The promo for Nanette, Hannah Gadsby’s new Netflix special, might lead you to believe that another character will appear, or perhaps you’ll hear stories about someone named Nanette. That won’t happen, the Australian comic concedes early on. But by the end of the special, you have reached into a well of past lives and trauma and experience—there are several Gadsbys onstage, even if we just see one.
Recorded at the Sydney Opera House, Nanette, which was already a one-woman show, starts off in a more traditional space. Gadsby discusses growing up gay in mid-’90s Tasmania, where homosexuality was a crime until 1997 and homophobia informed her worldview. She jokes about getting mistaken for a man at age 17 and the Pride flag being “a bit busy.” She talks about her “people” and relates how she got criticism after a show for not having enough “lesbian content.”
“I was onstage the whole time,” she quips.
Gadsby isn’t serving one-liners; she’s often set up arguments and theories or braiding personal and observational. One of the threads of Nanette is that after a decade Gadsby feels it’s time to quit comedy. She’s had to reassess her self-deprecating style, especially as someone who already exists in the “margins.” Is it worth the humiliation to end on a laugh?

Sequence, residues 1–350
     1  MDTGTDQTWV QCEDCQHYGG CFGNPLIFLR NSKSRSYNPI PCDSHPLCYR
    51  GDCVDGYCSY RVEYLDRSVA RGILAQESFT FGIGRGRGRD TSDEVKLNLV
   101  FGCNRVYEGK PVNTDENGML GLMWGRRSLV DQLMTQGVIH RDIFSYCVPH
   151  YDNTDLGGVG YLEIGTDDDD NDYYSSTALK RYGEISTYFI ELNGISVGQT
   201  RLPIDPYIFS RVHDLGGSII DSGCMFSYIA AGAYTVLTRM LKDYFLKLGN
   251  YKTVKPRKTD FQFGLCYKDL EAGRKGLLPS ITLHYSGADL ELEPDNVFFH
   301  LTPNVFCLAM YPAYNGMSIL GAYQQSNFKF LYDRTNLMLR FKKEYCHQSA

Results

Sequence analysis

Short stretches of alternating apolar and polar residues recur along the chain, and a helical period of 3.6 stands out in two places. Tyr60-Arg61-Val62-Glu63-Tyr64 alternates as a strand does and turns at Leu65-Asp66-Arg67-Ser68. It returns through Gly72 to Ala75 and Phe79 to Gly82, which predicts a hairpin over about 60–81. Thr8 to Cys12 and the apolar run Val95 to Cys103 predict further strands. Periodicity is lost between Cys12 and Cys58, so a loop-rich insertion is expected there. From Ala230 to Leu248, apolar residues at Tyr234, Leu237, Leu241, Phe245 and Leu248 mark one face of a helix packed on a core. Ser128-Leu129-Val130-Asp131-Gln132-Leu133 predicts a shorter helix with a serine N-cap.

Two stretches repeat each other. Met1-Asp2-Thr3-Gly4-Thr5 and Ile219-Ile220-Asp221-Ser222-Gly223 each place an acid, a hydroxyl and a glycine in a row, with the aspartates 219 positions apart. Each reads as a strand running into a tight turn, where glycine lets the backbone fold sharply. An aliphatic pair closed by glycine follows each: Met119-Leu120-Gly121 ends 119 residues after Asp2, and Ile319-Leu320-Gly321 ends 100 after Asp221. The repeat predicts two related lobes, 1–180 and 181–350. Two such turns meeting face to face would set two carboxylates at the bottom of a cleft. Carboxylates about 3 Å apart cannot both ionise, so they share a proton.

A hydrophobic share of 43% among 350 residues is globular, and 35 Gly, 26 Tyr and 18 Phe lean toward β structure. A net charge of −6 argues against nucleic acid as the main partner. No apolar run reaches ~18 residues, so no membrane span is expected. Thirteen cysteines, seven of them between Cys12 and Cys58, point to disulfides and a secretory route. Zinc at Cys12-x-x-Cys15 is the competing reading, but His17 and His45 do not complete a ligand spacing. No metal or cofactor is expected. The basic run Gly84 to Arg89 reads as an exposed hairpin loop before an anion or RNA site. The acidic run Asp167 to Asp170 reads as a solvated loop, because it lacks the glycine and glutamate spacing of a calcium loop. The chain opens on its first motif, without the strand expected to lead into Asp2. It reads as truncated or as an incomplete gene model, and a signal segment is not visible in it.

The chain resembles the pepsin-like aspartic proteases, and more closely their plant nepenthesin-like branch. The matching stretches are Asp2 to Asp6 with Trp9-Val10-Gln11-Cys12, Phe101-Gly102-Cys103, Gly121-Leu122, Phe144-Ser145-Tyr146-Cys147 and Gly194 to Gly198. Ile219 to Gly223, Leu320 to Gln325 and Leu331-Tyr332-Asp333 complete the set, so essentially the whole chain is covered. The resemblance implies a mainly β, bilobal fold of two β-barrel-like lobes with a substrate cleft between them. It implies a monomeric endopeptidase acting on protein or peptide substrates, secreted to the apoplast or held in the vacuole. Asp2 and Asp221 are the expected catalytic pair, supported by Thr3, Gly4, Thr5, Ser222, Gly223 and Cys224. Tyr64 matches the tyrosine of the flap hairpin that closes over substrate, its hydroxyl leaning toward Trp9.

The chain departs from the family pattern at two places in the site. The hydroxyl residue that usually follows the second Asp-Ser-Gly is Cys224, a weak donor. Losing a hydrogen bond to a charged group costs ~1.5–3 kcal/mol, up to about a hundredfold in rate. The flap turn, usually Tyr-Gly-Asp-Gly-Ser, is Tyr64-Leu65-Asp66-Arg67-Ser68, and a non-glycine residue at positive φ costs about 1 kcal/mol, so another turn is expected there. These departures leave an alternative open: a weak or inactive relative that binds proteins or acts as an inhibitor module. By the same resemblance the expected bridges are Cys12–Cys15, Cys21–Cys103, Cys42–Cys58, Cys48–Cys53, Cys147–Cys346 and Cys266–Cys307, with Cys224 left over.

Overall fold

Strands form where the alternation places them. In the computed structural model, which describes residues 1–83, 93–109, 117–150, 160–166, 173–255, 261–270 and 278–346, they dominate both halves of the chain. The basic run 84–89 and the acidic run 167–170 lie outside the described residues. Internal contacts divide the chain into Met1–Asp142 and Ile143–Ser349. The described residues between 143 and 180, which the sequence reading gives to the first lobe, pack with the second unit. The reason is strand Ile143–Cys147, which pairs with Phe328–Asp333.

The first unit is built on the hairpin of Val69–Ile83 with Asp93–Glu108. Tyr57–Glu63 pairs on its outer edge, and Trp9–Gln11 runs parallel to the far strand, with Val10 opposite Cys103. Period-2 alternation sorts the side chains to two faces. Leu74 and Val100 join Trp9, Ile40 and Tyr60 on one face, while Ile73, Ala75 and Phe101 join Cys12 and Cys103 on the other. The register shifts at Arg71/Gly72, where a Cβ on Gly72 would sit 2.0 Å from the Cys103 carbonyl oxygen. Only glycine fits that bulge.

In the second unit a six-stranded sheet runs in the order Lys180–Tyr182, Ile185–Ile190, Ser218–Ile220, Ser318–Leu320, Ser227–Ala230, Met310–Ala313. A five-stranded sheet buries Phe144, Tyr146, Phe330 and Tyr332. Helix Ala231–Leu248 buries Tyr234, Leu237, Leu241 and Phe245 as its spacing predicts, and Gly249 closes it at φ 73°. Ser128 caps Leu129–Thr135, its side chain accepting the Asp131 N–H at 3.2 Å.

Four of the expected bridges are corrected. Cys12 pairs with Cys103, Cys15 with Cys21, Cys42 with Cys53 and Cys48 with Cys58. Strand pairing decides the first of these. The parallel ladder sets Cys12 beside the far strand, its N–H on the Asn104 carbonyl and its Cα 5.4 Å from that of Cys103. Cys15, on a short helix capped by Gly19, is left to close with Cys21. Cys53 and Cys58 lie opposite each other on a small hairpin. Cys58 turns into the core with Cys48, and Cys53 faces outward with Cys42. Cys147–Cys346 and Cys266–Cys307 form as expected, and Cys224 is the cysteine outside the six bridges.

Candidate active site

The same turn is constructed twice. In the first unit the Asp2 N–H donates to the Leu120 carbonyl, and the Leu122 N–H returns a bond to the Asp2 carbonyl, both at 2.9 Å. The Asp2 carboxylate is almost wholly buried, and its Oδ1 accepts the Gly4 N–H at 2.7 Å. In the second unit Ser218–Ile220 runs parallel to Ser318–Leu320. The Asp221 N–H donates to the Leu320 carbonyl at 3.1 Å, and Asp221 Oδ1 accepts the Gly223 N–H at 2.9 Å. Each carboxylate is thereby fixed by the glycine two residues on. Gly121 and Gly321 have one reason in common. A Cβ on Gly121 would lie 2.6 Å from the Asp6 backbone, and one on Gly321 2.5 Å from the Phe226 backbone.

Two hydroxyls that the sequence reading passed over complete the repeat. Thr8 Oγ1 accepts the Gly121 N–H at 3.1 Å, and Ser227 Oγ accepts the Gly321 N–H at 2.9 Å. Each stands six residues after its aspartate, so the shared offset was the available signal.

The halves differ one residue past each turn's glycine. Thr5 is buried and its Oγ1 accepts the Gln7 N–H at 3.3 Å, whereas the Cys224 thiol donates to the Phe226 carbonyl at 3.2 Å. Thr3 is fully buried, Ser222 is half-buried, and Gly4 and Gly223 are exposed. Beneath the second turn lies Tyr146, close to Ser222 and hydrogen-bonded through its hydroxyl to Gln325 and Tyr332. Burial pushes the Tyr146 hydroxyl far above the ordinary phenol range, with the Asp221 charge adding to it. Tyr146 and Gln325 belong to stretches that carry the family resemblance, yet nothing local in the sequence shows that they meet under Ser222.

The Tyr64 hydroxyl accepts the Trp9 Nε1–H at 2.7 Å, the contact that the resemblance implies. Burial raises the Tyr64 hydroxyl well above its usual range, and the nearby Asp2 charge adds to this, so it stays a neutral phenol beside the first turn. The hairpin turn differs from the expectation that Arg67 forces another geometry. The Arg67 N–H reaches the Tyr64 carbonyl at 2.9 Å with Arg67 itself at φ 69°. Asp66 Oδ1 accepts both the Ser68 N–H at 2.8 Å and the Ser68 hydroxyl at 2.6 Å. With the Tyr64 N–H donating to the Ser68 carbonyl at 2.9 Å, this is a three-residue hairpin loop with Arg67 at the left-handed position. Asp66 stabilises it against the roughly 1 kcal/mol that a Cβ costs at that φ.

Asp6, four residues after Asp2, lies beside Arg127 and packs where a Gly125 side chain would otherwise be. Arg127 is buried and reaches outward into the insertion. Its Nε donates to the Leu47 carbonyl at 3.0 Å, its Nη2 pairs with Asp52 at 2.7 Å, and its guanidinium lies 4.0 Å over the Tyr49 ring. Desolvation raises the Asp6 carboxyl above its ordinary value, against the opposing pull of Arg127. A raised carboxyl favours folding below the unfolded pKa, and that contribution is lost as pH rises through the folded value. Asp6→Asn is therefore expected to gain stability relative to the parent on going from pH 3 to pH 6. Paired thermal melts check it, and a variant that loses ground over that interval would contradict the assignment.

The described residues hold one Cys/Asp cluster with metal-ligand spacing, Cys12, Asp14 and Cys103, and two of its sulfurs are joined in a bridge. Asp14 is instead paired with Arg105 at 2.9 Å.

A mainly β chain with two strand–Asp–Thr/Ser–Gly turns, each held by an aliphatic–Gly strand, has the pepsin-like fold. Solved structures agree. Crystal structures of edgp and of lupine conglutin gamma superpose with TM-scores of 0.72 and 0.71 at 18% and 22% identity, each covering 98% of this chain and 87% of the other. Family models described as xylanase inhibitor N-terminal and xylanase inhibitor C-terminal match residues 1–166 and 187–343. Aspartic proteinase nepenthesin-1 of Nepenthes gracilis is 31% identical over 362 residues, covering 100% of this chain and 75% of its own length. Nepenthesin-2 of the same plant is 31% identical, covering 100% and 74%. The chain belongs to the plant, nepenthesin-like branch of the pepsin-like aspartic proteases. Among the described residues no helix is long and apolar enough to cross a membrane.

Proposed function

But it’s good to reassess, and she uses Bill Cosby to make that point. He was her favorite comedian when she started out, but around this point, Nanette pivots and Gadsby begins breaking down both the oppressive structures of art and the reputation-protecting of famous men accused of being predators, like Cosby, Woody Allen, and Harvey Weinstein. She has an extended bit about Pablo Picasso being a misogynist, and how easily we grant genius to men, replacing the way we defend movies and shows made by predators with “but Cubism.”
Gadsby also examines how comedy has made her push down her own trauma in favor of the punchline. Gadsby was abused as a child, physically assaulted at 17, sexually assaulted in her 20s, and grew up in a place that made her hate herself. Some people can mine those experiences for punchlines; as Gadsby says in the special, “punchlines need trauma.” Is it worth manipulating your story?
In the last 10 minutes or so, Gadsby lets the anger take her, and the audience sits in near-silence. This might seem antithetical to what a comedy show is, but Nanette is revising those parameters, testing the joke structure that rests on setup-punchline, and attacking those ingrained ideas about how comedians must turn pain into jokes. She also calls out the double standard when women go “angry” in comedy versus men.
“There is nothing stronger than a broken woman who has rebuilt herself,” Gadsby says after tearing herself open and telling the story of getting mistaken for a man in full detail. Nanette doesn’t end on a joke or big laugh; this is Gadsby “controlling the tension,” but also her story.
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